The head of the studio behind Pokémon Go has said that virtual reality could pose a danger to society by being "too good".
As reported by Gamesindustry, the head honcho at Niantic Labs, John Hanke, issued the warning on stage at the Mixed Reality Summit this morning.
"My thing about VR is I'm afraid it can be too good, in the sense of being an experience that people want to spend a huge amount of time in," he said. "I mean, I already have concerns about my kids playing too much Minecraft, and that's a wonderful game.
"We're human beings and there's a lot of research out there that shows we're actually a lot happier when we get exercise, when we go outside - and outside in nature in particular," he continued.
"I think it's a problem for us as a society if we forgo that and spend all of time in a Ready Player One-style VR universe."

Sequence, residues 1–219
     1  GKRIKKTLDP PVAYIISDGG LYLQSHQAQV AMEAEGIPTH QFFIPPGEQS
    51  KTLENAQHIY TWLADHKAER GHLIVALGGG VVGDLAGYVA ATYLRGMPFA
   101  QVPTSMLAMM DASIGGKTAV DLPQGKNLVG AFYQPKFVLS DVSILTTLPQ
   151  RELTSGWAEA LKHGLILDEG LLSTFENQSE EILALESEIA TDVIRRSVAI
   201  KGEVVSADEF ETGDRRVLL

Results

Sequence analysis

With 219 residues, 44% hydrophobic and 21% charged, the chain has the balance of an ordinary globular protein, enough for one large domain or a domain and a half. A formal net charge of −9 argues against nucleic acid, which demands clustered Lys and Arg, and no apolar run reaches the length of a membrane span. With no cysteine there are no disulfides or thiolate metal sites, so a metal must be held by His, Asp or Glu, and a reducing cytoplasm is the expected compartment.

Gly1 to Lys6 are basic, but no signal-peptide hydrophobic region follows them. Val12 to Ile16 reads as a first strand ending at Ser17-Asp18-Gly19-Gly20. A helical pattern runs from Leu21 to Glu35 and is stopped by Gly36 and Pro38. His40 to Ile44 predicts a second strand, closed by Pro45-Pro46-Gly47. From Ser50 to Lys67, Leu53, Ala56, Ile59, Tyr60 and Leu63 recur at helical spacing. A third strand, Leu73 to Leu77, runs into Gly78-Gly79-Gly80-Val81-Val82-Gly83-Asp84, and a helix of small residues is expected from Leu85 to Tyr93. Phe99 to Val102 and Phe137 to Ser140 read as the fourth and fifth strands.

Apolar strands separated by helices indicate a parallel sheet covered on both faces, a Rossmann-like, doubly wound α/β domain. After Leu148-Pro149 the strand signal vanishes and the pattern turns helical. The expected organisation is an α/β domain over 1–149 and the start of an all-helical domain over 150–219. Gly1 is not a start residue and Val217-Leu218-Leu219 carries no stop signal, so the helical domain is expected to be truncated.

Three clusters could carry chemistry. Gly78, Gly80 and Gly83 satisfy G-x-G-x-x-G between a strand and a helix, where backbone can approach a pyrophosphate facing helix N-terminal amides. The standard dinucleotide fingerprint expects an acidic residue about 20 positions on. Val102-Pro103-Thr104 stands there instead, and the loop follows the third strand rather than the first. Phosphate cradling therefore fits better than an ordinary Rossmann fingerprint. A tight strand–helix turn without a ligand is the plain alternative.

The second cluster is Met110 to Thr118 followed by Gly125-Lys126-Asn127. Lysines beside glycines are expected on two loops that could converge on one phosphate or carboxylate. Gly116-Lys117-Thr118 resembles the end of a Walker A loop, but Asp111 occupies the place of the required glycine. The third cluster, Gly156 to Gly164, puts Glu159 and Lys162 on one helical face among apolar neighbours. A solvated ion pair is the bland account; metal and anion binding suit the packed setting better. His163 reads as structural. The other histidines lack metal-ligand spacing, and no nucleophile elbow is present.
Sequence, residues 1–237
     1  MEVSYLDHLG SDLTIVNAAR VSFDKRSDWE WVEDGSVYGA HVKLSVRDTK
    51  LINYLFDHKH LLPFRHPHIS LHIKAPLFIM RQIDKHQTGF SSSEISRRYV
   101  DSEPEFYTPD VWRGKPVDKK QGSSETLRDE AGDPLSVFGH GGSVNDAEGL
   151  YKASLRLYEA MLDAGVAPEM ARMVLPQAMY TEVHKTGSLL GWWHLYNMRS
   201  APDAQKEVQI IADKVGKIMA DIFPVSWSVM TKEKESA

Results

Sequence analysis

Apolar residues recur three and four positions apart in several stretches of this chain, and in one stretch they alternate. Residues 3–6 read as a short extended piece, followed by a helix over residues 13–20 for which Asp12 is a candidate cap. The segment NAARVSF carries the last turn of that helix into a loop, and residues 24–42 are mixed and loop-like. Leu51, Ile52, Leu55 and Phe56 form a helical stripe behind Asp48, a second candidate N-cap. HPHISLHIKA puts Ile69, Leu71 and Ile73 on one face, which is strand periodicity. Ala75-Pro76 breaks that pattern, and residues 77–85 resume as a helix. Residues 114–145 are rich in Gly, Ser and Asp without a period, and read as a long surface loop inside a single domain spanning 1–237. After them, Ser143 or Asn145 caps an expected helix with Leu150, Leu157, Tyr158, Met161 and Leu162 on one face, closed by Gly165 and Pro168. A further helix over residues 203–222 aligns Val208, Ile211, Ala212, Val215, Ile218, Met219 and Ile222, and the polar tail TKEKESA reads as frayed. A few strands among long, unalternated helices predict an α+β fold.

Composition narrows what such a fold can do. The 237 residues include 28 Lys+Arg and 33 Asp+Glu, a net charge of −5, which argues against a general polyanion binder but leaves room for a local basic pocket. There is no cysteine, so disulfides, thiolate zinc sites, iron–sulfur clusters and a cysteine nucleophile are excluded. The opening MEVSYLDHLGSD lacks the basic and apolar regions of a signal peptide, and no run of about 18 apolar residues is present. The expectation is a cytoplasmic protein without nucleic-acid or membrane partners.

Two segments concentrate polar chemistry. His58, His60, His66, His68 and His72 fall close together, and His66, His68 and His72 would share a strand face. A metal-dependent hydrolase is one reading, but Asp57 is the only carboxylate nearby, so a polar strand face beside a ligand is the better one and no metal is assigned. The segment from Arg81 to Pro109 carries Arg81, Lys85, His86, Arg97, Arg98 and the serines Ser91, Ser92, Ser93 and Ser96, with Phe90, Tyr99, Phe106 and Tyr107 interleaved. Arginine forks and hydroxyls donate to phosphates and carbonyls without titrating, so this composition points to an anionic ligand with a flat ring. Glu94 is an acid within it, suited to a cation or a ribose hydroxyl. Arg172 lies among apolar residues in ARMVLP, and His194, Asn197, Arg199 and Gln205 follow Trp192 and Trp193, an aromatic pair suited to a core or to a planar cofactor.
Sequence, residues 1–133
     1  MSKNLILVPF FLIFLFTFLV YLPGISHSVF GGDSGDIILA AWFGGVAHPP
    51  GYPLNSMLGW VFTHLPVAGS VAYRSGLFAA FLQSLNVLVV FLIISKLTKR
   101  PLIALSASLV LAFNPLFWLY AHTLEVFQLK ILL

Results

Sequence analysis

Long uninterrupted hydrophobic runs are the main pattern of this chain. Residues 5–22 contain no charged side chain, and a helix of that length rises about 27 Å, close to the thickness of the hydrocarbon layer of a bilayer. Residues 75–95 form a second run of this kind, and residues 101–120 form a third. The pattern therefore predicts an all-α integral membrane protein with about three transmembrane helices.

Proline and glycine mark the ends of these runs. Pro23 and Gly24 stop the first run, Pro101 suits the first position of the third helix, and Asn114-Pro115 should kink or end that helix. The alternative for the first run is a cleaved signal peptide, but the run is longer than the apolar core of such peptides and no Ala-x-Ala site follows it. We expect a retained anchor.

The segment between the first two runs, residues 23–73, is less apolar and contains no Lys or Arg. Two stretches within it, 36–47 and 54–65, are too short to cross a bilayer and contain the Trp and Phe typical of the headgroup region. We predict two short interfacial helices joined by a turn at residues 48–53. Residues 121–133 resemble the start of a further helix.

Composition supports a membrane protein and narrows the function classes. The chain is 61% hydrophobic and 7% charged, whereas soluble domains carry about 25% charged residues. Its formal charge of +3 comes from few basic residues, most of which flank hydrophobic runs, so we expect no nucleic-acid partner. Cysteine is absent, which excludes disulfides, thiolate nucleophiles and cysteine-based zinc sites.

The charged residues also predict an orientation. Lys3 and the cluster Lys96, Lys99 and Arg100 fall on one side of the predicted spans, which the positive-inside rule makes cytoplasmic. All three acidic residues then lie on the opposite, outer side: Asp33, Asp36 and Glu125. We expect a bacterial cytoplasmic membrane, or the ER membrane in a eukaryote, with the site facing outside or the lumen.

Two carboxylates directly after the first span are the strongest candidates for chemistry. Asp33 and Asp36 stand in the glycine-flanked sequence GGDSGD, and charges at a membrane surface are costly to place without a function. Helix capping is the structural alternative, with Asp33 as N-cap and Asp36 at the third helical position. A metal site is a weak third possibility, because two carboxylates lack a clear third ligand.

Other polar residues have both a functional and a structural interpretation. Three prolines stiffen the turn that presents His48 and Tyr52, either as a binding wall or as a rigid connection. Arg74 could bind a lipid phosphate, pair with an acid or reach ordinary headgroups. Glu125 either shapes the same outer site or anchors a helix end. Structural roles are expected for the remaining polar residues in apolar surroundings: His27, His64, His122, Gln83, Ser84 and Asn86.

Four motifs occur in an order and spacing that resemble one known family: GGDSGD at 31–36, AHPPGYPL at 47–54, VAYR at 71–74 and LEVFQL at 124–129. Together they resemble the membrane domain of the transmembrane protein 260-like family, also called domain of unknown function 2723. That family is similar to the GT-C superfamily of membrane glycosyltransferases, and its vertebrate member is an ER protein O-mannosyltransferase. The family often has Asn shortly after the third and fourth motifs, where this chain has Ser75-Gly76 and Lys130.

Pokémon Go makes use of augmented – rather than virtual – reality by superimposing its fictional creatures on the world around players.
Go requires players to travel around their cities, towns and local areas in order to play effectively. Generally speaking, the further players travel, the more Pokémon can be caught. The game actively encourages players to "get up and go", and has won praise from many quarters, including doctors, for getting players off the couch.
"With AR, there's a huge amount of potential to do things that really do have a positive impact on people," said Hanke.
"There is research about the health impact of Pokemon Go in particular but you can expand that to apply to all AR games. These games can encourage people to be more active than they would normally be. As a parent, part of my motivation for building this kind of game was to try and get my kids out of the house. I think there's a ton of good that can be done."
Hanke also dismissed the notion that Niantic Labs could start its own VR projects, citing a crowded market.
Right now VR isn't a physically rigorous activity, but as VR kits become more mobile, the possibility of walking, running and getting a sweat on inside a headset becomes more likely. Some projects, like The Void in Utah, already offer more mobile VR experiences that extend beyond a single room.
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